According to Ed-Data figures for 2017-18, approximately 89 percent of students at McDowell Elementary are Hispanic or Latino. In all, 92 percent of the student population identifies as a racial minority.

Several commenters at this week’s council hearing called on officials to act on behalf of the Latino youth that might be disproportionately exposed to carcinogenic emissions like benzene.

Petaluma resident Brent Newell, a public interest and environmental attorney, said the council had the power to authorize a “disparate impact analysis” as an agency that receives federal funding. The regulation is designed to avoid discrimination under civil rights law.

“You have a duty under the law to make sure your decision does not disparately impact the students there at McDowell Elementary School,” Newell said to the council.

The project was first proposed in 2013, pitched as an alternative to Petaluma’s high costs for gas, and has been embraced by residents that want a cheaper option. The gas station would include a 697-square-foot convenience store, one electric vehicle charging station and upgrades to the nearby bus station.

After the site plans and environmental mitigations were initially approved by the planning commission last summer, the decision was appealed by McEachin and No Gas Here, forcing the city council to weigh in.

Over the last six months, the council has delayed discussions on the gas station twice due to last-minute document dumps that overwhelmed city staff with conflicting analyses just before a scheduled hearing.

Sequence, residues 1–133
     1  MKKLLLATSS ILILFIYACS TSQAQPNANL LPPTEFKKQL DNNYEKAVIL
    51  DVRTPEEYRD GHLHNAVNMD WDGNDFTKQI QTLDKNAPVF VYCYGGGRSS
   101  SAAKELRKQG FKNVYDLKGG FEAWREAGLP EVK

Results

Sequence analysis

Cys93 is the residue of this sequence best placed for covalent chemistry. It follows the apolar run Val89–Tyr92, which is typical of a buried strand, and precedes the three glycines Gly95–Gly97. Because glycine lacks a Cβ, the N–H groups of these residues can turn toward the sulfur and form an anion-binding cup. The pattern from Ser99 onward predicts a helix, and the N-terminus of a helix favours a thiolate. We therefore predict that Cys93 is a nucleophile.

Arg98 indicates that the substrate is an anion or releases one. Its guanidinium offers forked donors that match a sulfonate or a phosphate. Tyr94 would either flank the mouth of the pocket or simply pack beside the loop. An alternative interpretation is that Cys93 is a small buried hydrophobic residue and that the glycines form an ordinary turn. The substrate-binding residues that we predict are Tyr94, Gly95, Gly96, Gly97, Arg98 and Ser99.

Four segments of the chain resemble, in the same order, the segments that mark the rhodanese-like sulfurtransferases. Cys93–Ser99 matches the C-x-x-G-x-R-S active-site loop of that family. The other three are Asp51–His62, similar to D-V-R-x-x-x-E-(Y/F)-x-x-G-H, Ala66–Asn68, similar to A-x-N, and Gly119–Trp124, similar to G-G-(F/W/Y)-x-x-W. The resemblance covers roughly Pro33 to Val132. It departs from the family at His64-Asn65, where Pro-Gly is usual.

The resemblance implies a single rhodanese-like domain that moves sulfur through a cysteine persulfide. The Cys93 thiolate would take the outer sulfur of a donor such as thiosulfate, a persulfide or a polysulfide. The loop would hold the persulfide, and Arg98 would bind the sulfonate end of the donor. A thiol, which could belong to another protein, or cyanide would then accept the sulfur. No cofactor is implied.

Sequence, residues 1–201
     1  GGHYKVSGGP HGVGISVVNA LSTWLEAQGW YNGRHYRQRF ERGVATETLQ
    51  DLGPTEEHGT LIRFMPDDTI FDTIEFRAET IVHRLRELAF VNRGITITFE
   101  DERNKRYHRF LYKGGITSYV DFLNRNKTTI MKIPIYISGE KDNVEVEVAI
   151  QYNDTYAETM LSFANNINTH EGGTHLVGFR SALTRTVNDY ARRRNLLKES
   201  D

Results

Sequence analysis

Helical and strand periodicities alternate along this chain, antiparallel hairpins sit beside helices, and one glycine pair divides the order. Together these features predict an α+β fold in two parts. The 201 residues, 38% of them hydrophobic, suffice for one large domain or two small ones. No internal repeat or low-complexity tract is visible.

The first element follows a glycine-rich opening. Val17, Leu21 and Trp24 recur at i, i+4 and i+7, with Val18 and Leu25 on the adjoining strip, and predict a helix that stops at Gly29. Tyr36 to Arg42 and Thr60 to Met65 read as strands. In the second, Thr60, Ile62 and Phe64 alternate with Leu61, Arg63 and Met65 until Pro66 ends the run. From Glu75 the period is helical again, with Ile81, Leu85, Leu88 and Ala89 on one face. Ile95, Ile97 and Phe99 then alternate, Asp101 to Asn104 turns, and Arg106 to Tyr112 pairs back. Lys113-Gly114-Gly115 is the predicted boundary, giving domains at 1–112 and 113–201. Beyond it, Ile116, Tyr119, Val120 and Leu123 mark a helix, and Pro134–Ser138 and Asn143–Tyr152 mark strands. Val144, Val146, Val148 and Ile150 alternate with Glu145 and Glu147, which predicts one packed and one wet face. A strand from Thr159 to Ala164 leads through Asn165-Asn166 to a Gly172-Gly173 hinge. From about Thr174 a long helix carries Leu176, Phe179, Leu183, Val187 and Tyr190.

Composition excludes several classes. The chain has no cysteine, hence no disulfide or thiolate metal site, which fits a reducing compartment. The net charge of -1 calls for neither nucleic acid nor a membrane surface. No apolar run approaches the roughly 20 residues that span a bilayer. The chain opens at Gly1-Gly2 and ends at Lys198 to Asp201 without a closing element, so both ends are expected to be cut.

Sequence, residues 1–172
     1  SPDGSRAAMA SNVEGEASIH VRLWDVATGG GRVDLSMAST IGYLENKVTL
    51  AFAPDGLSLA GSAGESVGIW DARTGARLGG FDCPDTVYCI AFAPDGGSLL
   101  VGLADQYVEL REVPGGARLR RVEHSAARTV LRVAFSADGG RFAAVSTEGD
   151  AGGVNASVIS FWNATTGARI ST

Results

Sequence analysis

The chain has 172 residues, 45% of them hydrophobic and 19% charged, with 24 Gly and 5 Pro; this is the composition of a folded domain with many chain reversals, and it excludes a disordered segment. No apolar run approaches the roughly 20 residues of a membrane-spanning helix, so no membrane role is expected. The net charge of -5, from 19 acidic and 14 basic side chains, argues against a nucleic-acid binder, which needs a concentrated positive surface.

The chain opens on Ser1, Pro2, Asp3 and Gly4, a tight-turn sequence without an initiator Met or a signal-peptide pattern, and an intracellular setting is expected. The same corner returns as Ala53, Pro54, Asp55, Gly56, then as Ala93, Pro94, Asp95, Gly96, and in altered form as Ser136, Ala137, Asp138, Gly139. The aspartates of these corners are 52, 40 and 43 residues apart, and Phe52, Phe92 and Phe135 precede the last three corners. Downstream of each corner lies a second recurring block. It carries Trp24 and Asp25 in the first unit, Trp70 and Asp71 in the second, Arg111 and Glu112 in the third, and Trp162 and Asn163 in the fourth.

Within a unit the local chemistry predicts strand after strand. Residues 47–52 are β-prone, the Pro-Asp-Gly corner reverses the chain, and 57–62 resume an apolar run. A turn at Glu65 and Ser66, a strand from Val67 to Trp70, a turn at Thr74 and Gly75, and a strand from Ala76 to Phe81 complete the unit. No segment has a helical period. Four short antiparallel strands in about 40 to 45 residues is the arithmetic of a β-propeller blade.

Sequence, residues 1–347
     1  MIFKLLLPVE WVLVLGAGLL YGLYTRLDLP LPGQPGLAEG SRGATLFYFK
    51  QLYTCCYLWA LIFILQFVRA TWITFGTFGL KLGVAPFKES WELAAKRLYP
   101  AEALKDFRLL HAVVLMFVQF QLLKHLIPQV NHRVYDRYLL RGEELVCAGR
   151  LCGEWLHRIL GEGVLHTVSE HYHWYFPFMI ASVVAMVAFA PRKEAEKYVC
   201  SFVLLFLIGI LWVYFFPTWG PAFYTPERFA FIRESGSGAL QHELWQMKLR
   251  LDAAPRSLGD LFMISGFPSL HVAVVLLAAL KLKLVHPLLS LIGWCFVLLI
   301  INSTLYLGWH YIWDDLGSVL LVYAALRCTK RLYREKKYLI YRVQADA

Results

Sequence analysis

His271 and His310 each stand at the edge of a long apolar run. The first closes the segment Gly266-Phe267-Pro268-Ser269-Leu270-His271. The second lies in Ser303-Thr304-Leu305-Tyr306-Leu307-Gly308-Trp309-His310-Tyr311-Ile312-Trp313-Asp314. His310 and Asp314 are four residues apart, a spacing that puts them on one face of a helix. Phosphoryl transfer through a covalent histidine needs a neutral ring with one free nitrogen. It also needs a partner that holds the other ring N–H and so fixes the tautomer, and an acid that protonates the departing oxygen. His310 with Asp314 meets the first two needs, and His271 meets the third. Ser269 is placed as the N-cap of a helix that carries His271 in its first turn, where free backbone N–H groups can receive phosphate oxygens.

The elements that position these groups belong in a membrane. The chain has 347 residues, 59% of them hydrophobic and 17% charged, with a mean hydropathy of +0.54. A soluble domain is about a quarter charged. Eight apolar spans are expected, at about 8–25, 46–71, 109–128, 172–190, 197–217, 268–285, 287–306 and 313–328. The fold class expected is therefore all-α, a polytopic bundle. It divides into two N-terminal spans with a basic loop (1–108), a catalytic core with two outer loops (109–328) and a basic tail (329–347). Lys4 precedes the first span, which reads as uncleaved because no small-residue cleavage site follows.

“Value Children Over Profits.”

On Dec. 3, Petaluma’s elected officials used their authority under the California Environmental Quality Act and a precedent set by a recent case, Protect Niles v. City of Fremont, to vote unanimously to require an EIR. The comprehensive third-party review of the environmental dangers and possible mitigations for the gas station would have cost Safeway time and money in order to get the project cleared — unless significant impacts were discovered.

Nearly a month later, Safeway accused Petaluma officials of violating a public meeting law, claiming that the city failed to provide enough notice of its last-minute staff recommendation for an EIR, and that several documents were not disclosed.

City officials denied any wrongdoing, but took the cautious approach and held a redo hearing to correct the Brown Act violations on Jan. 28.

For months, much of the focus has been the council’s authority at this stage of the process. Francois has recently leaned on a new legal precedent, McCorkle Eastside Neighborhood Group v. City of St. Helena, which determined St. Helena officials didn’t have the authority to require an EIR under CEQA. Instead, their scope was limited solely to design and aesthetics.

Since Petaluma’s zoning code allows a gas station at the site, and all the necessary agencies OK’d Safeway’s studies and mitigations before the planning commission’s approval, Francois has claimed the council has no legal authority to order an EIR under the McCorkle case.

“Safeway is not looking to get out of environmental review – it’s done it (already),” he said on Monday. “It did it for the last six years. It did 16 studies, all of which prove the impacts are less than significant. … Safeway is not turning its back on the mitigation measures or any of the 65 conditions of approval imposed by the planning commission.”